Food as a Metaphor for Unexpressed Emotions in Like Water for Chocolate An oppressed soul finds means to escape through the preparation of food in the novel, Like Water for Chocolate (1992). Written by Laura Esquivel, the story is set in revolutionary Mexico at the turn of the century. Tita, the young heroine, is living on her family’s ranch with her two older sisters, her overbearing mother, and Nacha, the family cook and Tita’s surrogate mother. At a very young age, Tita is instilled with a deep love for food "for Tita, the joy of living was wrapped up in the delights of food" (7). The sudden death of Tita's father, left Tita's mother's unable to nurse the infant Tita due to shock and grief.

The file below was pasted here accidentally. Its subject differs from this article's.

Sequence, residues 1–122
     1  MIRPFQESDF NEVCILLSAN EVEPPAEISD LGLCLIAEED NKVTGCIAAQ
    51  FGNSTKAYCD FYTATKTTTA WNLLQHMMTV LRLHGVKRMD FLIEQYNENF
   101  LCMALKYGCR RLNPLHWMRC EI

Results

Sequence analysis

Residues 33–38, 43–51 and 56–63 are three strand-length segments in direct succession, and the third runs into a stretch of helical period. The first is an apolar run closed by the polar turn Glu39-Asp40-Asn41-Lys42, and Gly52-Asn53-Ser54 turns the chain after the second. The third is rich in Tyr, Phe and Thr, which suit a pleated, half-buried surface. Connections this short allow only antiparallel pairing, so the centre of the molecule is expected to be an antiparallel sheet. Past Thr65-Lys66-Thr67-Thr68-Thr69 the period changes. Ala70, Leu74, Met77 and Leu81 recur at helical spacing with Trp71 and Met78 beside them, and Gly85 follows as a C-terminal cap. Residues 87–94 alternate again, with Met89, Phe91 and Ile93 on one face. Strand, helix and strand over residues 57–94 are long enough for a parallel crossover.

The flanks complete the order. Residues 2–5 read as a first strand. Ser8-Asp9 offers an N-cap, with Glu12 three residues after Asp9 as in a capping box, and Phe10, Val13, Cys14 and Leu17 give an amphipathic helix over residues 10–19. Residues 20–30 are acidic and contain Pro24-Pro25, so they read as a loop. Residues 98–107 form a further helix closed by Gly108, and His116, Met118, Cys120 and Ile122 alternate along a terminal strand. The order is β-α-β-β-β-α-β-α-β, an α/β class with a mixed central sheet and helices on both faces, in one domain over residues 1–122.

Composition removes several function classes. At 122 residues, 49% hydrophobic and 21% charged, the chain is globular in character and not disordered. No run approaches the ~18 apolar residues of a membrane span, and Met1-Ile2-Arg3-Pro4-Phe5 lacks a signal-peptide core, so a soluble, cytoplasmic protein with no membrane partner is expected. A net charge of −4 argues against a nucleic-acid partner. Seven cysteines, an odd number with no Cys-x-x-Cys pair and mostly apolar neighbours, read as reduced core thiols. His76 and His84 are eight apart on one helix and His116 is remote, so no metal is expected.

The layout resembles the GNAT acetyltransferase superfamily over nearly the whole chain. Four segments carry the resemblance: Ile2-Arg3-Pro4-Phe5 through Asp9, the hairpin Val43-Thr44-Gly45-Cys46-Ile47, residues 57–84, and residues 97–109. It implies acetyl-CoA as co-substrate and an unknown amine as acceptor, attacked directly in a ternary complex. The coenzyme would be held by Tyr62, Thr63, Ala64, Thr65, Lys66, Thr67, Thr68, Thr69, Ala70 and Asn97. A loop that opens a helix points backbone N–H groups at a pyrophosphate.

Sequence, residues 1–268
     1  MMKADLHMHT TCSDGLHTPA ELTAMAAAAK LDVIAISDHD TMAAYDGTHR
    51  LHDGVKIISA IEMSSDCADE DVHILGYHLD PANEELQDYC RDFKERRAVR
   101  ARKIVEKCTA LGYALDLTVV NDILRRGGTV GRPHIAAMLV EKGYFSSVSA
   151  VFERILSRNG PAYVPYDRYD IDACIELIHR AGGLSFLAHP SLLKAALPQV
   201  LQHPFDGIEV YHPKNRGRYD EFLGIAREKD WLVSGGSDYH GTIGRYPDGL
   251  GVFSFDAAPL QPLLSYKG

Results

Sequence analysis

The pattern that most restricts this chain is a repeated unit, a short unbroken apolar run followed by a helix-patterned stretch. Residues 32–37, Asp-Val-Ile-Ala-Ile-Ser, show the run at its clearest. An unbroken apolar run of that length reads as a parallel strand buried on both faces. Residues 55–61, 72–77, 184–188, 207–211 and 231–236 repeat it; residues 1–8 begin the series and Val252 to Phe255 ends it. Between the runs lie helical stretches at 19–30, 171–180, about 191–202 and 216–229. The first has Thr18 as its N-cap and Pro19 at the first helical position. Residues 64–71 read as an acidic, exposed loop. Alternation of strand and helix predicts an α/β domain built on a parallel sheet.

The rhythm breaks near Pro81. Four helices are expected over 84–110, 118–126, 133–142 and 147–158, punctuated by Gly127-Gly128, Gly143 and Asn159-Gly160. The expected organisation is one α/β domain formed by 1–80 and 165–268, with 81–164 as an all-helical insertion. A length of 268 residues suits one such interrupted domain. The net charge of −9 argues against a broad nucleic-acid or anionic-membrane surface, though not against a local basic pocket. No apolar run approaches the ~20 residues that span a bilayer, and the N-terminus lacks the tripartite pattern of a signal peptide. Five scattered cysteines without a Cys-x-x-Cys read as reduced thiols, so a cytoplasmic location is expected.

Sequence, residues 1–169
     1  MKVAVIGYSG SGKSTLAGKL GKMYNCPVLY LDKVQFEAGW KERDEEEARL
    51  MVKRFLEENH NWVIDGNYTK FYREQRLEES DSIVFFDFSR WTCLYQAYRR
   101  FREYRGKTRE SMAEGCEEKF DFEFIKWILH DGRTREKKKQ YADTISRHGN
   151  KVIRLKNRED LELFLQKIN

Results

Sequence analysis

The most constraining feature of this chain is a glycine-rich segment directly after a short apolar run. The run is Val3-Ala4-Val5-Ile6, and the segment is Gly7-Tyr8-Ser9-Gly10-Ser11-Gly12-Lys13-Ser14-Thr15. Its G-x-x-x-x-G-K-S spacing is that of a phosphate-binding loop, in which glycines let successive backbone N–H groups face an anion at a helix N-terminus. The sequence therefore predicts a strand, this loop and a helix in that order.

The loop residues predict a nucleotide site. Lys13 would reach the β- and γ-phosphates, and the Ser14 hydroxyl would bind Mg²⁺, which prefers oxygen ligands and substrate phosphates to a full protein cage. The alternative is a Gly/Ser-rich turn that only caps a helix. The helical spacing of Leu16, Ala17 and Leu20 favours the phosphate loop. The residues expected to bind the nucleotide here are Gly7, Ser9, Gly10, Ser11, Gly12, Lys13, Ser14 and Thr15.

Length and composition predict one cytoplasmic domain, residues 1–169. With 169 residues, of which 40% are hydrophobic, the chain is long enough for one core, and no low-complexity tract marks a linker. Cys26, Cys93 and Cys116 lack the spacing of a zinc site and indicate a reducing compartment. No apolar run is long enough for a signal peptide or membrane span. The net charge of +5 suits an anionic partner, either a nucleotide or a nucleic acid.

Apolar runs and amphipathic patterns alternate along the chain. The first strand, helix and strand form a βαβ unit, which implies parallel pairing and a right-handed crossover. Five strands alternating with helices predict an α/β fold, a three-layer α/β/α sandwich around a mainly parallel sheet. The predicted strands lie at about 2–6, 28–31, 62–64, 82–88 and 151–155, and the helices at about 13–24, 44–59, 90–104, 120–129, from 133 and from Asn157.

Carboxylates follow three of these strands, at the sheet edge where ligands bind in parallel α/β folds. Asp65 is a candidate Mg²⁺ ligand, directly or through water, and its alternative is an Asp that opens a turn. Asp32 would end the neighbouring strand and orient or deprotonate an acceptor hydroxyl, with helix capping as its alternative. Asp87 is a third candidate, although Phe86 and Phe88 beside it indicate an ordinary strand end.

“Hold the Mayonnaise,” begins with a Latino mother giving her two daughters advice. “If I die first and Papi ever gets remarried,” Mami used to tease when we were kids, “don’t you accept a new woman in my house. Make her life impossible, you hear?” (Alvarez 699). This small family of immigrants had just moved to Jamaica Queens, New York. Therefore, it only seemed natural that if their father ever remarried, their future stepmother would be American.
To understand fully the implicit meaning and cultural challenges the film presents, a general knowledge of the film’s contents must be presented. The protagonist, Tita, suffers from typical Hispanic cultural oppression. The family rule, a common rule in this culture, was that the youngest daughter is to remain unwed for the duration of her mother’s life, and remain home to care for her. Mama Elena offers her daughter, Tita’s older sister Rosaura, to wed a man named Pedro, who is unknowingly in mutual love with Tita. Tita is forced to bake the cake for the wedding, which contains many tears that she cried during the process.